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Zoom says its new AI tools aren’t stealing ownership of your content

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Zoom doesn’t train its artificial intelligence models on audio, video, or text chats from the app “without customer consent,” according to a Monday blog post from Zoom’s chief product officer, Smita Hashim. She also writes that “our customers continue to own and control their content.”

The company’s handling of customer data for AI training has come under scrutiny after a Stack Diary article reported changes to the company’s terms of service that took effect in late July and appeared to give the company broad control over user data for AI work.

The new sections appear to merge descriptions of Zoom’s license to show the content users want to have streamed without somehow giving the service ownership over it with the sections concerning AI tools. Long before the generative AI boom, this same approach has raised the ire of users reading the terms of service for services like Instagram and Twitter, as well as cloud storage sites like Dropbox and Google Drive.

Hashim writes that “our intention was to make clear that customers create and own their own video, audio, and chat content. We have permission to use this customer content to provide value-added services based on this content, but our customers continue to own and control their content.”

The Stack Diary report specifically highlighted two sections in Zoom’s terms of service, 10.2 and 10.4, that discuss how Zoom can handle user data.

Zoom, like many other companies, has been marketing new AI-powered features as of late, including a tool to help people catch up on meetings they’ve missed and one that helps people compose messages in its Slack-like Team Chat app.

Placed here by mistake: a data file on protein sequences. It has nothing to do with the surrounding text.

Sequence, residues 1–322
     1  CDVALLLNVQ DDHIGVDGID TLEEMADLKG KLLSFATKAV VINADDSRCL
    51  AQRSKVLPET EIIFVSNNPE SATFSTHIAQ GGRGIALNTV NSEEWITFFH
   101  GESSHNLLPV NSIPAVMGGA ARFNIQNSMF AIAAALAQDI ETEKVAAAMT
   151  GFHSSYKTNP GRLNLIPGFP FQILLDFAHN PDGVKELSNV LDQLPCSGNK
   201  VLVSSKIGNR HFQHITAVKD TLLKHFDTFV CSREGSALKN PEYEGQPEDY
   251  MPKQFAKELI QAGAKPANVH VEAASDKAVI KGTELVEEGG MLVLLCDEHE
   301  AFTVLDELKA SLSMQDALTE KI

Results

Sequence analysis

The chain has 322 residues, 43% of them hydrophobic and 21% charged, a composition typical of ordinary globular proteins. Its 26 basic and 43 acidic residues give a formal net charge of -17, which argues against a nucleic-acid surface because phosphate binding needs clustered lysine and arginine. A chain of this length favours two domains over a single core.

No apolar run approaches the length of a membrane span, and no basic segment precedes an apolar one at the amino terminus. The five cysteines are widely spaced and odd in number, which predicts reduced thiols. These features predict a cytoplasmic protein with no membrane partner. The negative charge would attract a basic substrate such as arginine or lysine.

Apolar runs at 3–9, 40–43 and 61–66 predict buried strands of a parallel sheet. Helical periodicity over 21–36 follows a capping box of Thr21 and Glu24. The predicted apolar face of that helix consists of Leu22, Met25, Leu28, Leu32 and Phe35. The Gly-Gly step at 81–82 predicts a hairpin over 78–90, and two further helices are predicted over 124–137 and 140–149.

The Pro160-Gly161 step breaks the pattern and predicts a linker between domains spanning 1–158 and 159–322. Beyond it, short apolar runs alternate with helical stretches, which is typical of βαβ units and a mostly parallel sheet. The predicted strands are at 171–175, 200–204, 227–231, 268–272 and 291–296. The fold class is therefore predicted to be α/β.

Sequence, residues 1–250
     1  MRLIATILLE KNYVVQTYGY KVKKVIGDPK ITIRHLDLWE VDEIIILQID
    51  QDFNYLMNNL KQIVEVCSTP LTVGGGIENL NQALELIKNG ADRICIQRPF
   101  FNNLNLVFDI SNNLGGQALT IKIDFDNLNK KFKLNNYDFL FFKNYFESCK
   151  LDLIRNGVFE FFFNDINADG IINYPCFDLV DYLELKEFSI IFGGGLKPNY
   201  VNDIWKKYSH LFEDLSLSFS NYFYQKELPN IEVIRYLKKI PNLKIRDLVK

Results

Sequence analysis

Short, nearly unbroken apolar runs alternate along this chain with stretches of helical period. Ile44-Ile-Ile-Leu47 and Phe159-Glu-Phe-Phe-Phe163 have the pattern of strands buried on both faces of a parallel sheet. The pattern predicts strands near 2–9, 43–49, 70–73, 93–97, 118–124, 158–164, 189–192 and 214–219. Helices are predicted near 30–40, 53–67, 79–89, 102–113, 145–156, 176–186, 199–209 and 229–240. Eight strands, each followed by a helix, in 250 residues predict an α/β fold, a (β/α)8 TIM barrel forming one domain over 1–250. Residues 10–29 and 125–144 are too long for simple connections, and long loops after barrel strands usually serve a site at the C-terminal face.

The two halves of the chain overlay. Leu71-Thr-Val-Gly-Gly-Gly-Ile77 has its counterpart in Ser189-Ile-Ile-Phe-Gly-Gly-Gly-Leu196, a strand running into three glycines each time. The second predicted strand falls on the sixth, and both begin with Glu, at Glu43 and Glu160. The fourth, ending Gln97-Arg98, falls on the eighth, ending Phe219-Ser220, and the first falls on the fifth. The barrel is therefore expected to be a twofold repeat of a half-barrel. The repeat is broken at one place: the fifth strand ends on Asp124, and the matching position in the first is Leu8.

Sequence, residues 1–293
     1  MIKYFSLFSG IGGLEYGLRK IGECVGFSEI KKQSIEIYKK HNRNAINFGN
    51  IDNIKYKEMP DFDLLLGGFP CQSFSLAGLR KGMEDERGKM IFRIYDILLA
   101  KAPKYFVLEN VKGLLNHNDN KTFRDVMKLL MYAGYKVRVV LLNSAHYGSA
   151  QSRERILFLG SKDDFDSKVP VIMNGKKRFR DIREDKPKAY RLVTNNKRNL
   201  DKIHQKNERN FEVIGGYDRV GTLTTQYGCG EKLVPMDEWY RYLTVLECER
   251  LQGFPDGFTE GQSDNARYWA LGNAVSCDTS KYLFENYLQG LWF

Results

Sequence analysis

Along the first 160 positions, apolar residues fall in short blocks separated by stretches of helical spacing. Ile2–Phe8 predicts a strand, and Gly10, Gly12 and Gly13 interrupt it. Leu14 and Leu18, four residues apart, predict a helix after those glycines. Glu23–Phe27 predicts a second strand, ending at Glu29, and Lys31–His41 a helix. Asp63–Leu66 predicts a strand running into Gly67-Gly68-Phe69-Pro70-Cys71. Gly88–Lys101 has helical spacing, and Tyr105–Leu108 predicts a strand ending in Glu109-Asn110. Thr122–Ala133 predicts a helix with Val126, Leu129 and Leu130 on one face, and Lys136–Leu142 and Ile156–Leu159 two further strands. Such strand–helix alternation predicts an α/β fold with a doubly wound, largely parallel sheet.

In Monday’s blog post, Hashim says that account owners and administrators can choose if they want to turn on the features, which are still available on a trial basis, and that people who turn them on will “be presented with a transparent consent process for training our AI models using your customer content.”

Here’s what Zoom’s in-meeting notification looks like when it’s using data for its meeting summaries feature.
Image: Zoom

Hashim adds that user content is “used solely to improve the performance and accuracy of these AI services” and that any shared data “will not be used for training of any third-party models.” Hashim also says that when AI services are in use, it tells meeting participants.

In Section 10.4, our intention was to make sure that if we provided value-added services (such as a meeting recording), we would have the ability to do so without questions of usage rights. The meeting recording is still owned by the customer, and we have a license to that content in order to deliver the service of recording. An example of a machine learning service for which we need license and usage rights is our automated scanning of webinar invites / reminders to make sure that we aren’t unwittingly being used to spam or defraud participants. The customer owns the underlying webinar invite, and we are licensed to provide the service on top of that content.

Zoom isn’t the only company making AI-related terms of service updates that have caught some attention. Google recently updated its privacy policy to note that its AI-powered tools like Google Translate and Google Bard might be trained using data scraped from public sources on the internet.

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